|Publication Abstract Display|
|Type: Published Manuscript|
|Title: A pilot study of the effects of cannabis on appetite hormones in HIV-infected adult men.|
|Authors: Riggs PK, Vaida F, Rossi SS, Sorkin LS, Gouaux B, Grant I, Ellis RJ|
|Publication: Brain Research|
|Volume: 1431 Issue: Pages: 46-52|
|Abstract:Rationale: The endocannabinoid system is under active investigation as a pharmacological
target for obesity management due to its role in appetite regulation and metabolism.
Exogenous cannabinoids such as tetrahydrocannabinol (THC) stimulate appetite and food
intake. However, there are no controlled observations directly linking THC to changes of
most of the appetite hormones.
Objectives: We took the opportunity afforded by a placebo-controlled trial of smoked medicinal
cannabis for HIV-associated neuropathic pain to evaluate the effects of THC on the appetite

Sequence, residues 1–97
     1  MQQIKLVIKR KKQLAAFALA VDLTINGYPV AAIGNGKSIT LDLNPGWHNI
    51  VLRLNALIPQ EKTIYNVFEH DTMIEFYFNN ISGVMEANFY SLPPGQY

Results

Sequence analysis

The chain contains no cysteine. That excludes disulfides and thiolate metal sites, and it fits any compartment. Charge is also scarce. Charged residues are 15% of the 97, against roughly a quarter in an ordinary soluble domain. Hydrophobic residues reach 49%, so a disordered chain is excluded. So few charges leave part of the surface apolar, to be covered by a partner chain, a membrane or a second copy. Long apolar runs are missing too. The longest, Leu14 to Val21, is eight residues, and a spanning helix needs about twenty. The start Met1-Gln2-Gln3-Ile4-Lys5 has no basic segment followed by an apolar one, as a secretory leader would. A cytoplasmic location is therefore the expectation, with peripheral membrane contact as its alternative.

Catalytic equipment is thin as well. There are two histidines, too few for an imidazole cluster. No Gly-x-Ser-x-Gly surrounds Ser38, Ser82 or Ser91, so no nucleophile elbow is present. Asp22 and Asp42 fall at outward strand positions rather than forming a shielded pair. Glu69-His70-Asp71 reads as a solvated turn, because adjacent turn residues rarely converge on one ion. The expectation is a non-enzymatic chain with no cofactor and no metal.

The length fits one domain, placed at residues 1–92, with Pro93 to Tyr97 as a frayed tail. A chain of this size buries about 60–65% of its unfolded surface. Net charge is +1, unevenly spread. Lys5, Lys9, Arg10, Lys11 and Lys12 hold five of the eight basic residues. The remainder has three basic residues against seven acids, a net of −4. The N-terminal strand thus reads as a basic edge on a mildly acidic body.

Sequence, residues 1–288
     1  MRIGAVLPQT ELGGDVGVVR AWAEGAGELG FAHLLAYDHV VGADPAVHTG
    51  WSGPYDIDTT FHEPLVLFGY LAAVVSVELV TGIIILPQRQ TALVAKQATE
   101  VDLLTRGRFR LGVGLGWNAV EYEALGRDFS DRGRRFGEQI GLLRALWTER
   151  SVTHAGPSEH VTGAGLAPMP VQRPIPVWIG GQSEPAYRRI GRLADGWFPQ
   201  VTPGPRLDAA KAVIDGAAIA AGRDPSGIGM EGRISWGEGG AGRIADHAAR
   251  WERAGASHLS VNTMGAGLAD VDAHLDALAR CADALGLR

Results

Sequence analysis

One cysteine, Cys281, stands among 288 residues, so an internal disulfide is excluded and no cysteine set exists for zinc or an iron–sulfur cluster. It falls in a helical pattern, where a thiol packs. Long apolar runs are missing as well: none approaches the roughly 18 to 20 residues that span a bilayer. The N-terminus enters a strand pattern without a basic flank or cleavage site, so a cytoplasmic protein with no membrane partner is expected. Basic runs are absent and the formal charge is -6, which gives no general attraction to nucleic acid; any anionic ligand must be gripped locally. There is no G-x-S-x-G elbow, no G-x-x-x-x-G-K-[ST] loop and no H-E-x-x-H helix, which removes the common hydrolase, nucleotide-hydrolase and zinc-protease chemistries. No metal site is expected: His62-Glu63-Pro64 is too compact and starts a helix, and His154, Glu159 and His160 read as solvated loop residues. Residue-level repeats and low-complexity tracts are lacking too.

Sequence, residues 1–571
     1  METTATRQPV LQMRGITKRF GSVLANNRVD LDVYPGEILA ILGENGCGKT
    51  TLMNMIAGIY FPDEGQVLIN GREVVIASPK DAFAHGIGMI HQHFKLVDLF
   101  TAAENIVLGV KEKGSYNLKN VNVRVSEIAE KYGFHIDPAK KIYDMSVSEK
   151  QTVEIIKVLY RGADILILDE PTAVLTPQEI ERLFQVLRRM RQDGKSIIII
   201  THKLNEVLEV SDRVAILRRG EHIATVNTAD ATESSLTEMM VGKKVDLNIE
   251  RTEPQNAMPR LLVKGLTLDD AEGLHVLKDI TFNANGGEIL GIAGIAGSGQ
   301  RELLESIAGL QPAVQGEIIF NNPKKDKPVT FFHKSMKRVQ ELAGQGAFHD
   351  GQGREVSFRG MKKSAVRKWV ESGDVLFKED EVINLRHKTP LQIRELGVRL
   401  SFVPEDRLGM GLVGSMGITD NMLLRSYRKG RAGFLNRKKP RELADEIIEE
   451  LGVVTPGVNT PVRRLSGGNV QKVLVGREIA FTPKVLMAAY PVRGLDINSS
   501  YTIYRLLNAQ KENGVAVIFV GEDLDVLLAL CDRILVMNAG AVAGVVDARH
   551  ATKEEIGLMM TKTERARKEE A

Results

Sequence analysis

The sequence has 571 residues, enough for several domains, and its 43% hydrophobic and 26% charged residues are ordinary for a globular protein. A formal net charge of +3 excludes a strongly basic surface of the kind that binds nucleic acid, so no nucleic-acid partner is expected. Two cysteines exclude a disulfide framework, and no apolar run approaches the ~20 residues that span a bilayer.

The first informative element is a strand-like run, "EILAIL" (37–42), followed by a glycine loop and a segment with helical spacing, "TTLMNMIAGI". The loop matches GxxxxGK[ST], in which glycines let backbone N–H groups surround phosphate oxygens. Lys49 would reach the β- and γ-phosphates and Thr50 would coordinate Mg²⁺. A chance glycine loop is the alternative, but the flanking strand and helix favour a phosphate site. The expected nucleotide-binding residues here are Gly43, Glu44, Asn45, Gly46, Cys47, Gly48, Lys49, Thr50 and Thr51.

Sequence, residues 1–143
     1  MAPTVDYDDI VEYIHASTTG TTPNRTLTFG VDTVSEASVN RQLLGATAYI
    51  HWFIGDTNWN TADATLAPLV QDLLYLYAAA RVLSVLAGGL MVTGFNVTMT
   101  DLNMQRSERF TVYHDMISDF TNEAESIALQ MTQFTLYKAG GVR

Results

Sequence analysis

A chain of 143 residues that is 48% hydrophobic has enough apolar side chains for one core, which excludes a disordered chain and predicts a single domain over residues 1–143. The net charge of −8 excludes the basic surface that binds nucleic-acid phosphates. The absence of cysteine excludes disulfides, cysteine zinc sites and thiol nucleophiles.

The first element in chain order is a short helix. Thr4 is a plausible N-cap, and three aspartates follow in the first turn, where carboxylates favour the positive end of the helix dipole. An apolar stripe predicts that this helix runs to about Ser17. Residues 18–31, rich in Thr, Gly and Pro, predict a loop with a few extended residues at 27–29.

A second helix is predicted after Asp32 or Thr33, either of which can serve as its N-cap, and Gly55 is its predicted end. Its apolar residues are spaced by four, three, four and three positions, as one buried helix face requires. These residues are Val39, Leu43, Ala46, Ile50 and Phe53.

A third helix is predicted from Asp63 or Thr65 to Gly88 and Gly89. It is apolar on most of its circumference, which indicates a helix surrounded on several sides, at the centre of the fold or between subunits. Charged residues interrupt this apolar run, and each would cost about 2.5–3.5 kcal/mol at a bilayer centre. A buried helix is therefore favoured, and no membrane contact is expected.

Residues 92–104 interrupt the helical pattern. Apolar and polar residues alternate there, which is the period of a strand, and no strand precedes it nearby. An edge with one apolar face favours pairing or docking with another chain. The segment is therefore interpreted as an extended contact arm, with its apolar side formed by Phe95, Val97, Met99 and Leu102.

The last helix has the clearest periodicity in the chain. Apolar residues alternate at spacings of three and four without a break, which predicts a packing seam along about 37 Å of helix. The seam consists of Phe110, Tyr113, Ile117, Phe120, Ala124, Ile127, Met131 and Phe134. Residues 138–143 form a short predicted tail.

hormones ghrelin, leptin and PYY, as well as on insulin.
Methods: In this double-blind cross-over study, each subject was exposed to both active cannabis
(THC) and placebo.
Results: Compared to placebo, cannabis administration was associated with significant
increases in plasma levels of ghrelin and leptin, and decreases in PYY, but did not
significantly influence insulin levels.
Conclusion: These findings are consistent with modulation of appetite hormones mediated
through endogenous cannabinoid receptors, independent of glucose metabolism.|